PLATTSBURGH — Drugged-driving arrests have risen 35 percent in New York since 2001.
U.S. Sen. Charles Schumer recently drew attention to the increase, while noting that the total number of arrests lags far behind drunk-driving arrests.
Many police departments don't have the technology to detect drugged drivers at traffic stops, like a Breathalyzer does with a drunk driver, Schumer said in a news release.
That, paired with the delayed disorientation a drugged driver shows compared to a drunk driver, makes it difficult for officers to identify people under the influence of narcotic drugs.
Schumer is calling for a passing of legislation to help with the problem.
The bill he is proposing — called the Motor Vehicle and Highway Safety Improvement Act of 2011 — would provide funding that allows the National Highway Transportation Safety Administration to develop technologies that would help officers identify those driving under the influence of drugs.
It would also provide money to train officers on how to spot the signs of a drugged motorist.
"Drugged driving is on the rise, and our cops need state-of-the-art equipment and better training to identify and apprehend those who are putting innocent victims at risk as a result of reckless driving," Schumer said in the release.
The legislation would also award grants to states to allow officers to become drug-recognition experts through 200 hours of training or undergo lesser training through the Advanced Roadside Impaired Driver Education program.
According to the New York State Division of Criminal Justice, 23 drivers were caught under the influence of drugs in 2011 in Clinton County, up from 2009, when there were 10.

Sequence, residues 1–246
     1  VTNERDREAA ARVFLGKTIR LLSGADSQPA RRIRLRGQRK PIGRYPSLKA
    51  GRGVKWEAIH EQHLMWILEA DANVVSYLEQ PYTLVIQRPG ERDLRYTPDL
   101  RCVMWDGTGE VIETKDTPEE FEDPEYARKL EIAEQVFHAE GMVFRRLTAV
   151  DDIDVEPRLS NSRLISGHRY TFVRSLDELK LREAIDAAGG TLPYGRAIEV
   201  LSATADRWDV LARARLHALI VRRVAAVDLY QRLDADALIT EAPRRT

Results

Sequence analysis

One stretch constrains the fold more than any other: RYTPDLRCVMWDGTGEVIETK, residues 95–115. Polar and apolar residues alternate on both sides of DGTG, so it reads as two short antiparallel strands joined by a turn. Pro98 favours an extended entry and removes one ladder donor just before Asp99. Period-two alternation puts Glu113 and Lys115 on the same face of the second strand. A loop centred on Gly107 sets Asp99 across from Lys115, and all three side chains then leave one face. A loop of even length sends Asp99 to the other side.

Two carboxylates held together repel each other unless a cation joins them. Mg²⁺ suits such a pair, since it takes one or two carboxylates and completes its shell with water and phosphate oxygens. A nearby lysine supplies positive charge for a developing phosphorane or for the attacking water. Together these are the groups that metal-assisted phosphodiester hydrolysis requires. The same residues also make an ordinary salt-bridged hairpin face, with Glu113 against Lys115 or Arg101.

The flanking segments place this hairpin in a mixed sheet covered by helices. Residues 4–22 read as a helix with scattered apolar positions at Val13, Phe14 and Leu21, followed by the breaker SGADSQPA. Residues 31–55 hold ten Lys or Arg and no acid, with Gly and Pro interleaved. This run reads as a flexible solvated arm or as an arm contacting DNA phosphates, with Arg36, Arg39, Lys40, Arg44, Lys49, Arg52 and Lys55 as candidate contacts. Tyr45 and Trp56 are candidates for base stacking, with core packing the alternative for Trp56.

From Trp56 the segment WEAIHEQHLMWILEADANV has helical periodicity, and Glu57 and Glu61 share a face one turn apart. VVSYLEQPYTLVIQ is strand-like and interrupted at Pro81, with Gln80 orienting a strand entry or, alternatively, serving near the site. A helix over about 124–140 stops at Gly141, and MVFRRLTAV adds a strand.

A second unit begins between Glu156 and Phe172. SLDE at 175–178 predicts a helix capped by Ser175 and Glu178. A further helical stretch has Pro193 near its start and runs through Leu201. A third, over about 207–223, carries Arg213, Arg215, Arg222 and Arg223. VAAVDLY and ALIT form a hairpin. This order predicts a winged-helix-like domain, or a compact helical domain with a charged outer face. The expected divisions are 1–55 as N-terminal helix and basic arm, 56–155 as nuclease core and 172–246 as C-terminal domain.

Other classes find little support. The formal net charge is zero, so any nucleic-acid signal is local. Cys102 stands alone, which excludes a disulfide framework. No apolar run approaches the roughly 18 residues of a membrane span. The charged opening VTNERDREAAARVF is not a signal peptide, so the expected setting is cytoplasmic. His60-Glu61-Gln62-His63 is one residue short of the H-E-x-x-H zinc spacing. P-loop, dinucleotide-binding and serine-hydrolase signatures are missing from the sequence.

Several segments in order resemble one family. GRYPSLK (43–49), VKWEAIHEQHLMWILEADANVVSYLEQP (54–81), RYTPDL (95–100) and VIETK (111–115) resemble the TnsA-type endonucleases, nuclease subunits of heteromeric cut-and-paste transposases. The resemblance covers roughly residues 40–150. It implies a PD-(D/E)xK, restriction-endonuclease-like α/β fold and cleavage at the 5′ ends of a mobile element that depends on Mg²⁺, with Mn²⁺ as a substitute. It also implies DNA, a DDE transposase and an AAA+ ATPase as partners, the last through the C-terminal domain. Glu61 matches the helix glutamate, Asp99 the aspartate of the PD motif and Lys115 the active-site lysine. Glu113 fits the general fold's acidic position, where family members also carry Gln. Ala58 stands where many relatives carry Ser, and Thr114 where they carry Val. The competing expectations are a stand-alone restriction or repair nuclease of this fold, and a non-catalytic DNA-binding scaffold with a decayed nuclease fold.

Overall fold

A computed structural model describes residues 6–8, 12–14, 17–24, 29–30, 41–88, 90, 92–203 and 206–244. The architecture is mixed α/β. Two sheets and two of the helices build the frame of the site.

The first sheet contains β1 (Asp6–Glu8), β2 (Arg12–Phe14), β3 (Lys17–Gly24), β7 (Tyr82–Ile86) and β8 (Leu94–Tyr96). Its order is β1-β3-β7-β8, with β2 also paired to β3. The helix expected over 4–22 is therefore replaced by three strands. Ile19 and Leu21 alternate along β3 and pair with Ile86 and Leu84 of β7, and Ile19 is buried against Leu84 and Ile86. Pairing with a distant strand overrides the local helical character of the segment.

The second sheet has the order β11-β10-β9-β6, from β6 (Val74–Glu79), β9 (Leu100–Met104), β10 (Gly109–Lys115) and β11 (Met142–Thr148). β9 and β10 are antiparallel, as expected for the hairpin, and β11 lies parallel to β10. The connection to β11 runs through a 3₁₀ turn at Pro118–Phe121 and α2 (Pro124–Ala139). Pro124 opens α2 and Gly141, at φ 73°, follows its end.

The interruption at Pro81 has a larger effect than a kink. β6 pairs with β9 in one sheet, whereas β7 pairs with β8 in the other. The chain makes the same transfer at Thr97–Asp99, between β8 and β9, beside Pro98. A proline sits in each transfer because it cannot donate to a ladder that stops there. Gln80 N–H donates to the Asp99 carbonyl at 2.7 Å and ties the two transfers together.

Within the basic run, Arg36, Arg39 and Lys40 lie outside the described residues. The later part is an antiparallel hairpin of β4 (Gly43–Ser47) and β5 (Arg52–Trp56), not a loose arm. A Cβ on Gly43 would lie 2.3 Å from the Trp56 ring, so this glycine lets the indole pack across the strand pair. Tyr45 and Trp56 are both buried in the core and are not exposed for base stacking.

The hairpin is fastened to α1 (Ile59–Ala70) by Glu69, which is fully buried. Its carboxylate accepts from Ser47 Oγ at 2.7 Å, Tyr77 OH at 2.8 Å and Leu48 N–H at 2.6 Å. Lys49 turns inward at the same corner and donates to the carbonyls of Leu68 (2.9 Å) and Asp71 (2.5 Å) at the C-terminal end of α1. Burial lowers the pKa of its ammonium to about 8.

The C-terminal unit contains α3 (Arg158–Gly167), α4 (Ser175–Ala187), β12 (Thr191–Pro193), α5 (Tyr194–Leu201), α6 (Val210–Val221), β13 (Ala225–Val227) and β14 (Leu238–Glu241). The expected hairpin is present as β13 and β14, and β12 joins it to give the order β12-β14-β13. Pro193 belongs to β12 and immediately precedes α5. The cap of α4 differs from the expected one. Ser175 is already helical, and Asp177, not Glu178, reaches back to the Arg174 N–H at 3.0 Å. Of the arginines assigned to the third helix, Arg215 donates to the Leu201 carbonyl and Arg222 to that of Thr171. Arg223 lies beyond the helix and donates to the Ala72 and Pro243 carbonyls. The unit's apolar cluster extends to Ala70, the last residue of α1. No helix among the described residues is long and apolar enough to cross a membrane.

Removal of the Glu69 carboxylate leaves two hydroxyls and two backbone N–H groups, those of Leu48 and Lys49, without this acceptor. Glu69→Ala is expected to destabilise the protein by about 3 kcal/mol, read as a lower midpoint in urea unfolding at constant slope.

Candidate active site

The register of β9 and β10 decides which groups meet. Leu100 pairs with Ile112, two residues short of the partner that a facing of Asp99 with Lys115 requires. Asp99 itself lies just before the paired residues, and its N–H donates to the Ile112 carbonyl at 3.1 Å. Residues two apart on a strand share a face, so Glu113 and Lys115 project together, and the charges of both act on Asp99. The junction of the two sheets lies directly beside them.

In Franklin County, three drugged-driving arrests were made in 2009, 10 in 2010 and nine in 2011.
For Essex County, the numbers are small but actually declined: six in 2009 and seven in 2010, then two in 2011.
Police are on the watch for offenders. Just recently, State Police charged Dennis C. Valentin of Keeseville early in the morning in Chesterfield with driving with ability impaired by drugs. The trooper reportedly spotted glassy, bloodshot eyes and dilated pupils. Blood tests were later taken for the motorist to test for drugs; results were still pending.
WATCHING FOR SIGNS
Plattsburgh Police Chief Desmond Racicot said City Police officers go through impaired-driver recognition training to help them more easily identify those under the influence.
A vehicle drifting between lanes and moving too slow are a few of the reasons an officer might stop a motorist, the chief said.
"There are things that are indicative to impaired driving."
Slurred speech, impaired motor coordination and divided attention are more signs of drug influence.
Racicot said the department also has a drug-recognition expert who is called — whether on or off duty — if an officer stops a motorist, recognizes impairment, but does not smell alcohol. The expert then administers a series of tests to the motorist.
But Racicot said the training for the position is both expensive and time-consuming.
"I think that Senator Schumer's (bill) ... is terrific. More training and expertise, it not only helps the officer, it helps in the process of persecuting the offender."
A National Roadside Survey in 2007 showed that 16 percent of weekend, nighttime drivers tested positive for illegal prescriptions or over-the-counter medications, and more than 11 percent tested positive for illicit drugs.
And in 2009, 440,000 people nationally were injured in car crashes caused by drugged motorists, according to the Institute for Behavior and Health.
Schumer's bill, also known as Mariah's Act, will likely run for consideration on the Senate floor as part of a larger highway bill.
The current bill expires March 31.
"With the explosive growth of prescription drug abuse, it's vital that local law enforcement have the tools and training they need to identify those driving under the influence of narcotics to get them off the road," Schumer said in a statement.
"We have made tremendous progress in combating drunk driving; we cannot allow those gains to be erased by drugged drivers."
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